|Year : 2014 | Volume
| Issue : 4 | Page : 115-116
A Case of Hypotension
Mary Grace, VK Shameer, Renjith Bharathan, Kripal T S
Department of Medicine, Government Medical College, Thrissur, Kerala, India
|Date of Web Publication||10-Dec-2014|
Dr. Mary Grace
Government Medical College, Thrissur, Thiruvananthapuram, Kerala
Source of Support: None, Conflict of Interest: None
Takayasu's arteritis is a large-vessel vasculitis which is characterized by both stenotic lesions as well as aneurymal lesions. 1 Aneurysmal lesions most commonly occur in the aortic root and arch leading to development of aortic regurgitation. AR is seen in about 24% of cases at the time of presentation. 2 The documentation of high blood pressure in Takayasu arteritis may be difficult because of subclavian and innominate artery stenoses. This case report highlights the importance of checking all the peripheral pulses and recording the blood pressure in both upper limbs and in the lower limbs in a case of "hypotension".
Keywords: Aortic regurgitation, assymetrical blood pressure and pulse, hypotension
|How to cite this article:|
Grace M, Shameer V K, Bharathan R, KripalT. A Case of Hypotension. Heart India 2014;2:115-6
| Introduction|| |
Takayasu's arteritis (TA) is a large vessel vasculitis, which affects the aorta and its major branches. It is more frequent in young women 10-20% occurs in people after the age of 40 years. TA usually presents with claudication, asymmetric pulse and blood pressure in the upper limbs and hypertension. Aortic regurgitation is the mode of presentation in <10% of patients. Aortic regurgitation commonly develops late in the course of the disease secondary to dilatation of the aortic root. Aortic regurgitation can lead to mitral regurgitation secondary to left ventricular dilatation.
| Case report|| |
A 44-year-old female patient presented to the casualty with chest discomfort of 4 h duration. She did not have any symptom other than chest discomfort, at the time of presentation. She had a history of fever with arthritis around 2 weeks prior to the current presentation and was treated as viral fever from another hospital and she had improved symptomatically. She was not a hypertensive or diabetic, nor did she have a history suggestive of rheumatic fever in childhood.
On examination, she had a pulse rate of 100/min. The pulse was regular in rhythm, low in volume in both the upper limbs, especially in the left upper limb and well felt in the lower limbs. Her blood pressure was 80 mm Hg systolic in the right upper limb, not recordable in the left upper limb; 210/100 mm Hg in the right lower limb and 190/96 mm Hg in the left lower limb. She had prominent neck pulsations. Cardiovascular system examination revealed a normal sized heart with an early diastolic murmur in the aortic area. There was no evidence of pulmonary artery hypertension. Other systems were within the normal limits. The clinical diagnosis of acute aortic regurgitation (AR) with an underlying large vessel vasculitis was considered.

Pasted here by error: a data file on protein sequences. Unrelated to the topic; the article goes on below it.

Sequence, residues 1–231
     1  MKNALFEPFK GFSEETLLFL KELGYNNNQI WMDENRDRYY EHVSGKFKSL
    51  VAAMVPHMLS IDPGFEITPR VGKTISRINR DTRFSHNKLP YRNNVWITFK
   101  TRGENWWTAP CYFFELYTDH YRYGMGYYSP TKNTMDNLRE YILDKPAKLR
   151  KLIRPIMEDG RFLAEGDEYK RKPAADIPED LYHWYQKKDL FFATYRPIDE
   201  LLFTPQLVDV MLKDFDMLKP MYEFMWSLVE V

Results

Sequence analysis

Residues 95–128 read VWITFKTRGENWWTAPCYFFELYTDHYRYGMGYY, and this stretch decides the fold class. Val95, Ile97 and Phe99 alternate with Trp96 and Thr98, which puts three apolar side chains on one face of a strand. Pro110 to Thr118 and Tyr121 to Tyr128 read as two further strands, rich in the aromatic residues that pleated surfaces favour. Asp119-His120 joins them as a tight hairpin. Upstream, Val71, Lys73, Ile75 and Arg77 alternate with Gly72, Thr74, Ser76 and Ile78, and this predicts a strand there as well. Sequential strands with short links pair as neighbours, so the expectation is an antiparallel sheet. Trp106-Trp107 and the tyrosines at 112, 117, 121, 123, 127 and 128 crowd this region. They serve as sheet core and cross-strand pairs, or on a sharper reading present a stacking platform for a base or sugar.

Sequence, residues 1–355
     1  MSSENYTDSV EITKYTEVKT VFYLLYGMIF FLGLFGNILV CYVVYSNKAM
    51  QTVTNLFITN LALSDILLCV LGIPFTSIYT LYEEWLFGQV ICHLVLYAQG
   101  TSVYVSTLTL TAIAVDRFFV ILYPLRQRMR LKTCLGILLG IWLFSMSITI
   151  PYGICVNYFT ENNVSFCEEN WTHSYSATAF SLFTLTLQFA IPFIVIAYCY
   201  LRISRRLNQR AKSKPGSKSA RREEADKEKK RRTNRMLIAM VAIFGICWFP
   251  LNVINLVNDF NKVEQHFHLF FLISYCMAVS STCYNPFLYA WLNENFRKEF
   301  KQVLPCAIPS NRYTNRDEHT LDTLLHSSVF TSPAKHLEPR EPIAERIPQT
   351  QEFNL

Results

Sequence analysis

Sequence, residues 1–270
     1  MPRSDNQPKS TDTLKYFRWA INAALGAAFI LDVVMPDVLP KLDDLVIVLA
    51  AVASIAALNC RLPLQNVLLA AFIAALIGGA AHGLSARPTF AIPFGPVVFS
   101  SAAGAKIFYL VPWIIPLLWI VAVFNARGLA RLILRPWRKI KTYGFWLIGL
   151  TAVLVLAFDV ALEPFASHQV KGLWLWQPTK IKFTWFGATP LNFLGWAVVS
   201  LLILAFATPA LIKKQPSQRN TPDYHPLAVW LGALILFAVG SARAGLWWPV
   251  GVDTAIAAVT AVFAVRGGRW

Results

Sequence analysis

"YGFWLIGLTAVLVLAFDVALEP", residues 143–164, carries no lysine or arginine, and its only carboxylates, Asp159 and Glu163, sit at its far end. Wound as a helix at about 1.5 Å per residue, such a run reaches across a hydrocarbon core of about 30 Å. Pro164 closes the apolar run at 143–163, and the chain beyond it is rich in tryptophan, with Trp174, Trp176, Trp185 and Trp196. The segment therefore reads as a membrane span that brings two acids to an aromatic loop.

Investigations showed an elevated erythrocyte sedimentation rate (70 mm/h) and C-reactive protein (36.8). There was Twave inversion in leads v4 to v6 with negative cardiac biomarkers. ECHO showed moderate AR with aortic root dilatation and trivial mitral regurgitation. Magnetic resonance angiography (MRA) [Figure 1] showed focal areas of narrowing at the origin of right common carotid; proximal right subclavian. Right upper-limb collaterals were present. Left common carotid and subclavian were not seen from the origin due to occlusion. With the above ECHO and MRA findings, the final diagnosis of TA type 1 with AR was made.
Takayasu's arteritis is a large-vessel vasculitis of unknown etiology that has a predilection for the aorta and its primary branches. It is characterized by both stenotic lesions as well as aneurymal lesions.  Aneurysmal lesions most commonly occur in the aortic root and arch leading to the development of AR. AR in TA was first described by Jervell in 1954. AR is seen in about 24% of cases at the time of presentation. 
Aortic regurgitation usually develops, as a result, of aortic root dilatation and pulling apart of the aortic cusps. Aortic regurgitant jet induces morphological change in the aortic valve leaflets, and this worsens the regurgitation.  It is also postulated that primary leaflet damage and not the aortic root dilatation, which is the main pathology. Aortic regurgitation is an important risk factor for mortality in TA, and it is also one of the indications for surgery.
The documentation of high-blood pressure in TA may be difficult because of subclavian and innominate artery stenoses. The asymmetry in the pulse and blood pressure of the upper and lower limbs in the presence of prominent neck pulsations were the clue to the underlying vasculitis. This highlights the importance of checking all the peripheral pulses and recording the blood pressure in both upper limbs and the lower limb in the case of "hypotension."
| References|| |
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Takayasu's arteritis: A study of 104 Italian patients. Arthritis Rheum 2005;53:100-7.
Maksimowicz-McKinnon K, Clark TM, Hoffman GS. Limitations of therapy and a guarded prognosis in an American cohort of Takayasu arteritis patients. Arthritis Rheum 2007;56:1000-9.
Matsuura K, Ogino H, Kobayashi J, Ishibashi-Ueda H, Matsuda H, Minatoya K, et al.
Surgical treatment of aortic regurgitation due to Takayasu arteritis: Long-term morbidity and mortality. Circulation 2005;112:3707-12.